(Press release) — Efforts to improve the University of Wyoming’s financial accounting and reporting systems, recruit and retain high-performing faculty and staff members, and upgrade UW’s science and engineering facilities are reflected in a state budget request approved by the UW Board of Trustees Wednesday.
In addition, the university’s block grant request for the 2017-18 biennium proposes funding for operations and maintenance of new UW buildings; dollars to match private contributions for entrepreneurship, water management, and energy and engineering; matching funds for athletic competitiveness; funding for carbon engineering research; funding for a new research aircraft; and money for new outreach programs in counselor education and nursing.
The budget request now goes to the state Department of Administration and Information’s Budget Division and Gov. Matt Mead, who later this year will present his state budget recommendations to the Legislature for the two-year period beginning July 1, 2016.
“Coming at a time when the outlook for state revenues is uncertain, this budget request represents our best effort to recognize those concerns while moving the university forward in key areas,” Board of Trustees President Dave Palmerlee says. “The bulk of the request reflects continued movement on projects already supported by state elected leaders, and we believe the other items are essential to maintain and enhance the quality of instruction, research and service provided by the university to the state.”
Trustees voted to request that any compensation increases granted to other state agencies be applied to UW employees as well. In addition, the board asks for $1 million annually to retain and recruit top faculty and staff members — the same amount provided for that purpose in the 2015 supplemental budget.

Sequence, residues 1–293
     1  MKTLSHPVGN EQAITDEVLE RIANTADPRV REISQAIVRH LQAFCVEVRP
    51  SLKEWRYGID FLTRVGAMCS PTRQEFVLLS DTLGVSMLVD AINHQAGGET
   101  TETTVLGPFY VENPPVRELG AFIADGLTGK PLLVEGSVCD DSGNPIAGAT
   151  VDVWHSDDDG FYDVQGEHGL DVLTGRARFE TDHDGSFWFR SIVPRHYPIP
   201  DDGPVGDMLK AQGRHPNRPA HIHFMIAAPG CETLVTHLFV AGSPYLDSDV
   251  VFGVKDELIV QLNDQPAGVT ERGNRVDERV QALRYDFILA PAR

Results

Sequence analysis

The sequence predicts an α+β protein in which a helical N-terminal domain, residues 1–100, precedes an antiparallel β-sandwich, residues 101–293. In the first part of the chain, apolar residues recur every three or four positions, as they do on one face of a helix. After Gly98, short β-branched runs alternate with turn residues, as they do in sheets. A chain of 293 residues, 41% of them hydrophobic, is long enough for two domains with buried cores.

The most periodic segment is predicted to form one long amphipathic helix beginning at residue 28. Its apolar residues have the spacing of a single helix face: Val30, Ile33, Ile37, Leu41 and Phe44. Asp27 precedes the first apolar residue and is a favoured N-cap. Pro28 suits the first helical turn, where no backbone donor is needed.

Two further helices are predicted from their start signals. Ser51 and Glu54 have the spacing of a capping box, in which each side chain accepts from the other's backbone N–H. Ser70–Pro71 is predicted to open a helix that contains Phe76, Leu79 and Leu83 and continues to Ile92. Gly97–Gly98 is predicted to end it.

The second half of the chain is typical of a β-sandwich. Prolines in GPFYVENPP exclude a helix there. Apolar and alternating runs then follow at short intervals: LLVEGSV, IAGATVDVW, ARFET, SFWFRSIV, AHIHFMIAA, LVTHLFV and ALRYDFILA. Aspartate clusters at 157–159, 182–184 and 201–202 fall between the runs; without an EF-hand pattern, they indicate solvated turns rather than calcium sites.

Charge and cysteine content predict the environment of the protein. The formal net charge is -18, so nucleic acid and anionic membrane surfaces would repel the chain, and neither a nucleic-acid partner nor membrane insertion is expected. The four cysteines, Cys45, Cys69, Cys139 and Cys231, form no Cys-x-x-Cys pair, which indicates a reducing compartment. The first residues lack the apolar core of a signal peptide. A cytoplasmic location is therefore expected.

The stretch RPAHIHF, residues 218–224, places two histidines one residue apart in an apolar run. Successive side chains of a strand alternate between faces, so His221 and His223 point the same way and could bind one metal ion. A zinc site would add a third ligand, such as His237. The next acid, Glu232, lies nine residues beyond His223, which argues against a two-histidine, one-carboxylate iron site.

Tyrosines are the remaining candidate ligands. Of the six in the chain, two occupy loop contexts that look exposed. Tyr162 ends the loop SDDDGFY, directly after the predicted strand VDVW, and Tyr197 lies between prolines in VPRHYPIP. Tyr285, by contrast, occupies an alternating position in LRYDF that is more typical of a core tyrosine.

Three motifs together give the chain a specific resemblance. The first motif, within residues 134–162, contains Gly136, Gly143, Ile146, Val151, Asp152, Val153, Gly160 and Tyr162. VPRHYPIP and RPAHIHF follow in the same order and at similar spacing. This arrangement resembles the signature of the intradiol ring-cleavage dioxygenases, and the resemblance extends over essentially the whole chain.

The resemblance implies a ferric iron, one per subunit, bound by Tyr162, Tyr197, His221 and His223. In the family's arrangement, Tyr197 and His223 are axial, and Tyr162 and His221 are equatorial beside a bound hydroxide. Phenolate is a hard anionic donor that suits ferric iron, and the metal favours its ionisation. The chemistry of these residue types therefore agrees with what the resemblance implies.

“To date, the allotment of these retention increases has been highly successful in retaining the university’s best faculty,” UW President Dick McGinity says. “Having that tool will be critical for us as we move forward, especially if additional dollars for state employee compensation are not available.”
A combination of state appropriations and tuition increases funded average pay raises of 2.6 percent and 3.2 percent for UW employees the past two years, at the same time state employees are absorbing increases in their contributions to the state retirement system. UW faculty members on average are paid 11 percent less than faculty members in comparator colleges at other institutions, and UW staff members on average are paid 17.3 percent less than corresponding employees in state government.
“The past two salary increases were just a first step in beginning to stem the growing gap between UW salaries and its competitors,” McGinity says.
In an effort to modernize the way UW tracks and reports financial information, the Board of Trustees seeks $2 million over the biennium ($1 million annually) in recurring dollars for personnel to staff a shared business services team of accountants and fiscal specialists. In addition, the budget request calls for $5 million to be set aside in a holding account as a start toward the cost of a new fiscal system, which could approach $15 million.
“Unlike the State of Wyoming’s financial reporting system, the university’s system has not been upgraded and reconfigured to keep pace with the demands of a modern higher education operation,” says the UW budget request narrative.
Last month, trustees authorized a contract of up to $1 million with Huron Consulting Group to evaluate UW’s financial and reporting processes, using a $1 million supplemental appropriation and a match of $750,000 from university sources.